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Topic: Few questions on forcing, large cardinals
Replies: 17   Last Post: Mar 30, 2013 1:21 PM

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Registered: 12/4/12
Re: Few questions on forcing, large cardinals
Posted: Mar 23, 2013 6:34 PM
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On 3/23/2013 5:09 PM, Ross A. Finlayson wrote:
> On Mar 23, 2:44 pm, fom <> wrote:
>> On 3/23/2013 4:34 PM, Ross A. Finlayson wrote:

>>> In a sense, infinity _is_ the numbers. Start from even more
>>> fundamental objects than natural numbers as elements. Like the
>>> numbers, they are as different as they can be and as same as they can
>>> be, where they are each different in not being any other and each same
>>> in being defined by that difference. There's no stop to that, it's
>>> gone on, forever. Then, in a way like when you look into the void, it
>>> looks into you

>> Is this your way of saying that if you look
>> into the void, you and the void become one?
>> Just kiddding....
>> I think Cantor would appreciate your sentiment that
>> the numbers of Cantor's paradise are more fundamental
>> than those of Kronecker's torment.

> I wouldn't say that infinity, even in the numbers, is either of those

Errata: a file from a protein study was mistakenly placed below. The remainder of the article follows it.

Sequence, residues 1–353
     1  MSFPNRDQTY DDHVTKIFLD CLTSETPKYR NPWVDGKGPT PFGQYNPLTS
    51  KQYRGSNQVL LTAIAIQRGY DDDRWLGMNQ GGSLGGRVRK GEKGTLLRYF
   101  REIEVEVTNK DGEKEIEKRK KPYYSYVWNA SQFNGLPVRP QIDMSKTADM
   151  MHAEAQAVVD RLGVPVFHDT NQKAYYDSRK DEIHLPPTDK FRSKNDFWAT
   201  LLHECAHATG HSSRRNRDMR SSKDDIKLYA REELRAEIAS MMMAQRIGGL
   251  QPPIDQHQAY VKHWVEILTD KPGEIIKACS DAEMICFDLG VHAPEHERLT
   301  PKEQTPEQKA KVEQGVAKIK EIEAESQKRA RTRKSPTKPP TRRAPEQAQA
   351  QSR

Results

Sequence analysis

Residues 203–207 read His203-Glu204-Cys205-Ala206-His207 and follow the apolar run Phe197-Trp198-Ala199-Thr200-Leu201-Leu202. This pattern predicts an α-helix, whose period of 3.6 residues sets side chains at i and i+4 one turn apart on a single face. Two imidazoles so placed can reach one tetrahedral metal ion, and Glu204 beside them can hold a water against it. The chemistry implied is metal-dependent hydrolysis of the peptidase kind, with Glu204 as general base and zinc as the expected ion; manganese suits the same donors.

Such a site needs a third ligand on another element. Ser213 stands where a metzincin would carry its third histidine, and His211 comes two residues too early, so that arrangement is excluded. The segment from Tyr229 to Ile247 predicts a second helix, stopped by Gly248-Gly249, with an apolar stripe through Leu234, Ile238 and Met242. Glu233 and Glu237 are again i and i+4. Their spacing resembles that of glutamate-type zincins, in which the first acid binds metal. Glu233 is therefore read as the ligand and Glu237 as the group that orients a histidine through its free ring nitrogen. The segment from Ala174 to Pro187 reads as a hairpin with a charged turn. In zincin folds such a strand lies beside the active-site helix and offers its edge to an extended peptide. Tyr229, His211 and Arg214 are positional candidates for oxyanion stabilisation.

> things. In ZF, Infinity is _axiomatized_ to be an inductive set, and
> a well-founded/regular one, that's not a given. Calling that the
> universe, Russell's comment is that it would contain itself.
> There's a case for induction, as it were, that each case exists. Then
> it is to be of deduction, not fiat by axiomatization, from simple
> principles of constancy and variety, the continuum.
> In a theory with sets as primary objects, a set theory and a pure set
> theory, numbers would be very rich objects indeed, as not just
> individual elements by their elements, but all relations of numbers.
> Set theory (well-founded, as it were, regular or that objects are
> transitively closed) is at once over-simplification, to talk about
> anything besides sets, and over-complexification, to talk about itself
> when any universal statement is in the meta.
> There are no numbers in a pure set theory. To call the natural
> integers a set, it contains only numbers, for the Platonists: elements
> of the structure, of numbers, as: none exist in a void.

It is odd. In some sense, modern mathematics actually
treats its objects as urelements relative to set theory.
Looking at Hilbert, he makes statements whereby his formalism
is intended to supersede the class-based constructions of

Your frank statement that a set is not a number reflects
that sentiment.

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